We live in a country where some generations forget that free speech is a protected right—not a privilege.
Very recently, a middle-school student was removed from class for wearing a patch with the Gadsden flag, best known for its “Don’t Tread on Me” slogan and timber rattlesnake design, on his backpack. In a society where students’ abilities in math and reading are decreasing nationally, there are educators who are instead prioritizing the policing of free speech and making false claims about the Gadsden flag’s ties to slavery.
Rather, the timber rattlesnake design, as described by Benjamin Franklin in “An American Guesser” published by the Pennsylvania Journal in 1775, is a testament to the 13 original colonies of the United States of America. Franklin wrote, “I recollected that her [the snake] eye excelled in brightness, that of any other animal, and that she has no eye-lids. She may therefore be esteemed an emblem of vigilance. She never begins an attack, nor, when once engaged, ever surrenders: She is therefore an emblem of magnanimity and true courage. As if anxious to prevent all pretensions of quarreling with her, the weapons with which nature has furnished her, she conceals in the roof of her mouth, so that, to those who are unacquainted with her, she appears to be a most defenseless animal; and even when those weapons are shown and extended for her defense, they appear weak and contemptible; but their wounds however small, are decisive and fatal. Conscious of this, she never wounds ’till she has generously given notice, even to her enemy, and cautioned him against the danger of treading on her.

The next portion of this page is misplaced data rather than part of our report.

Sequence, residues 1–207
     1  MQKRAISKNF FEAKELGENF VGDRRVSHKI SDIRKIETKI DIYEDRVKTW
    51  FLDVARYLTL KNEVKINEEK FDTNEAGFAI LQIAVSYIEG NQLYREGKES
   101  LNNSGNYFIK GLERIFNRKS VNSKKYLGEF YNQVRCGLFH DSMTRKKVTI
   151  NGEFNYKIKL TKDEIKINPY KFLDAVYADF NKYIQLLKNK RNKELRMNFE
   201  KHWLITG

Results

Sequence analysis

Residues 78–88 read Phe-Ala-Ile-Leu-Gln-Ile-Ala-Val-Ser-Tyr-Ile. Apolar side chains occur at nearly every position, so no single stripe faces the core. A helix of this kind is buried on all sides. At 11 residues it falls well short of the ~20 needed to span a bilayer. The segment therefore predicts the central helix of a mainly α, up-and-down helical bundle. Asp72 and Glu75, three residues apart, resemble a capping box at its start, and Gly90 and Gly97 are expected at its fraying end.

Was I wrong, Sir, in thinking this a strong picture of the temper and conduct of America?”
When the Founding Fathers outlined a blueprint for our democratic republic, the First Amendment was a core tenet of this plan. Though it is a guaranteed right, that doesn’t mean it comes without the need to defend it.
Just this year, Harrisburg lawmakers tried to silence University of Pittsburgh students by attempting to prohibit student groups from hosting a debate regarding the issue of transgender politics in sports and culture. Regardless of where you fall on this issue, it’s dangerous for state elected officials to attempt to silence the voices of students on a taxpayer-funded university. After much pressure from groups on both sides of the aisle, the University of Pittsburgh permitted these student groups to host the debate—though not without infusing political beliefs into the university’s official public statement.
In the context of free speech, there’s also the discussion of the freedom of speech to donate to organizations of your choosing. Legislation is being circulated in Harrisburg that would codify the Supreme Court of the United States’ decision in Americans for Prosperity Foundation vs. Bonta, which determined that state governments cannot compel organizations to provide lists of donors in the false name of “transparency”. Cancel culture is a double-edged sword, and its impact doesn’t discriminate by party affiliation. As determined by the Supreme Court, transparency is for government, and privacy is for people. You should have the right to give to charitable organizations without the threat of cancel culture (or, in the case of AFPF vs. Bonta, the state of California), coming for you.
Free speech is guaranteed, but it will take vigilance from us all to protect this guaranteed right. Learn more today about how you can work to protect free speech by joining us at americansforprosperity.org and joining AFP Vice President of Legal & Judicial Strategy, Casey Mattox’s free speech email list. Learn about the threats that occur every day and what you can do to protect our rights.
This is Emily Greene, Deputy State Director with Americans for Prosperity-PA.
Emily Greene | Deputy State Director | Americans for Prosperity – PA
m: 412.552.0271 | e: [email protected] | @AFPPennsylvania